1 out of 5
Created by: J.H. Wyman
covers season 1
Not that Fringe was always top-tier TV – or even consistently great – but it absolutely fulfilled a safe, quirky sci-fi gap in weekly viewings, plugging the X-Files / Lost-shaped hole it was intended to. In relatively short order after its concluding came Almost Human, which was a little tighter and less mystery-boxy and thus – in my mind – better, once more giving us a fix in this genre-hungry vein. And J.H. Wyman was pretty heavily involved in both of those, writing a good chunk of the former and creating the latter. So: his next show, Debris, absolutely had my attention. Not in hopes for anything mind-bending – that’s not the pedigree of the aforementioned shows – but just that it would once more fill that stylistic need, and maybe even last beyond a season.
The description worked: alien spacecraft bits have been crashing to Earth, causing oddball, and unique, catastrophes in their vicinity. Toss in government agencies – MI6 and CIA – who are playing together to collect the pieces, but independently machinating secret government oogie boogie stuff in the meantime, and then also have some shady bad guys trying to nab the stuff for their own evil agenda (led by Scroobius Pip!), and you absolutely have me sold. Jonathan Tucker as our CIA guy is a bonus.
But wow is it not good. Maybe not necessarily bad, but it’s, like, sinfully bland, going out of its way to dodge out of any potential complexities or plot quirks for the easiest (and dumbest) of weekly resolutions, with the spycraft enacted by all parties something on the level of what someone in the writers’ room who’s only worked on teen comedies might pitch on their first day.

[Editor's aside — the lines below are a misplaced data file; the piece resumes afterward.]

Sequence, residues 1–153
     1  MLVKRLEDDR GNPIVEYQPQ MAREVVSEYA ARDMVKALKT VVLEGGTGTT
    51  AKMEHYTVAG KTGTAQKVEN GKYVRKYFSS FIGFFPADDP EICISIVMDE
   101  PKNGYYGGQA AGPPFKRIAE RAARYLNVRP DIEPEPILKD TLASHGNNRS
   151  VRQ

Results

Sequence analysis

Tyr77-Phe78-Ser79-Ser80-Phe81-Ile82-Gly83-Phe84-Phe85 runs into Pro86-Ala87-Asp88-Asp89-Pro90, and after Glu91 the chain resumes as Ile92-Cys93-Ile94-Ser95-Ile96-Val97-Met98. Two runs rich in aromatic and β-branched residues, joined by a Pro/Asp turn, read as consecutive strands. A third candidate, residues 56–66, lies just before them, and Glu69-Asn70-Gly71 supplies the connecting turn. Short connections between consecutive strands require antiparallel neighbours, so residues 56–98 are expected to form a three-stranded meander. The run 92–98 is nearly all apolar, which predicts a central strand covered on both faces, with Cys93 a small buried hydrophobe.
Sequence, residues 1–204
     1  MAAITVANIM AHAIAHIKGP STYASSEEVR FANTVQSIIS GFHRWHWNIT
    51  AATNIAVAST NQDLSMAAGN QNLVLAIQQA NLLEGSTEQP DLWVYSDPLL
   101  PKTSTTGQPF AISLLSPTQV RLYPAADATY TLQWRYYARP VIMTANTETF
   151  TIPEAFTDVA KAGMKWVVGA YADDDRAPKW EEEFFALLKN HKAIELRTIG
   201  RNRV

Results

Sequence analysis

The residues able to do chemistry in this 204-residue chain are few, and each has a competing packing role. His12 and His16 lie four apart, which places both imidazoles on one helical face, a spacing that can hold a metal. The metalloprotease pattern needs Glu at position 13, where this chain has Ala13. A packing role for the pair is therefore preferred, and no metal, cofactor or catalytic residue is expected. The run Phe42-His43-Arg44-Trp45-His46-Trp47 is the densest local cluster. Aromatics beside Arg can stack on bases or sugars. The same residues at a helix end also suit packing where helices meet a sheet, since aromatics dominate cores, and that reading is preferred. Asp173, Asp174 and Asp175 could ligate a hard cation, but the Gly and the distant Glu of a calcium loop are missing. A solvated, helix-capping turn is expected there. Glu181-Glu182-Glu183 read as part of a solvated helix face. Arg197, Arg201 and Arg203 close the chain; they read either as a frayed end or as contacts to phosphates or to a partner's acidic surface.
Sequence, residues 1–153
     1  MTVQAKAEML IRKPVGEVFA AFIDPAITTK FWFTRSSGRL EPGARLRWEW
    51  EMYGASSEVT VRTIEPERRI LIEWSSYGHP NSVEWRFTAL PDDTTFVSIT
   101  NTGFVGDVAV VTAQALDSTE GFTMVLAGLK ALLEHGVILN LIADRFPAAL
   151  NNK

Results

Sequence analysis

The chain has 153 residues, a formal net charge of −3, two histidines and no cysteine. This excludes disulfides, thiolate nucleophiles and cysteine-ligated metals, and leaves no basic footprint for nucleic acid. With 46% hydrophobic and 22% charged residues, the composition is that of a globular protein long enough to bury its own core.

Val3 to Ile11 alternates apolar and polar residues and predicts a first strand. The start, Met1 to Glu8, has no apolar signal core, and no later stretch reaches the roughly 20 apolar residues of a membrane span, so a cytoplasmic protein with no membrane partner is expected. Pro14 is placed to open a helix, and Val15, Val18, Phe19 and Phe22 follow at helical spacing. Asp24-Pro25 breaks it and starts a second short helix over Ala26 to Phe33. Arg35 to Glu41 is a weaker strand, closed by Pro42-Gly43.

Bryan – Tucker – is partnered with MI6’s Finola Jones (Rianna Steele), and the duo are tightly welded to masculine and feminine stereotypes that should be dated by now: Bryan is tight-lipped and duty-bound; Finola is emotional and tears up at every event, because they involve feelings. Yes, her father, to her knowledge, has recently passed, but the way she segues into misty-eyed speeches without any provocation is akin to people telling stories about their babies or new pets at any opportunity; but maybe more noxious than this is the way the speeches are always used for Finola to suddenly realize some key to solving that week’s debris puzzle, and that they hardly make sense in this function. This is a “sci-fi” series that cannot cobble together enough pseudo logic to make it through any given scene, and world-builds in the most lazy manner possible, using its “Laghari” readings to rate some type of range impact of the debris in an inconsistent manner. Sometimes we need protective gear because that rating is in the hundreds! Sometimes we can just tip-toe and then it’s okay! Anyway, don’t worry about it because Finola will start to cry and there will be no story carryover to next week!
That latter bit is more the matter: I can deal with loosey-goosey inner-workings if episodes have any sense of stakes, or if there’s the notion that we’re building to something, but no one on the show acts or speaks with any real authority or believability in their roles – Tucker and Steele are given maudlin language, making it hard to suss out their acting abilities – and episodes float in some nether-realm of never resolving things because they’re all connected, but making each week’s entry seem wholly isolated at the same time.
I admittedly kept tuning in because… because I want a sci-fi show like this, and I kept thinking that we were just one turn from things getting better, or at least tolerable. But I guess the “twist” here is that that’s not the case. It’s pretty dumb the whole way through.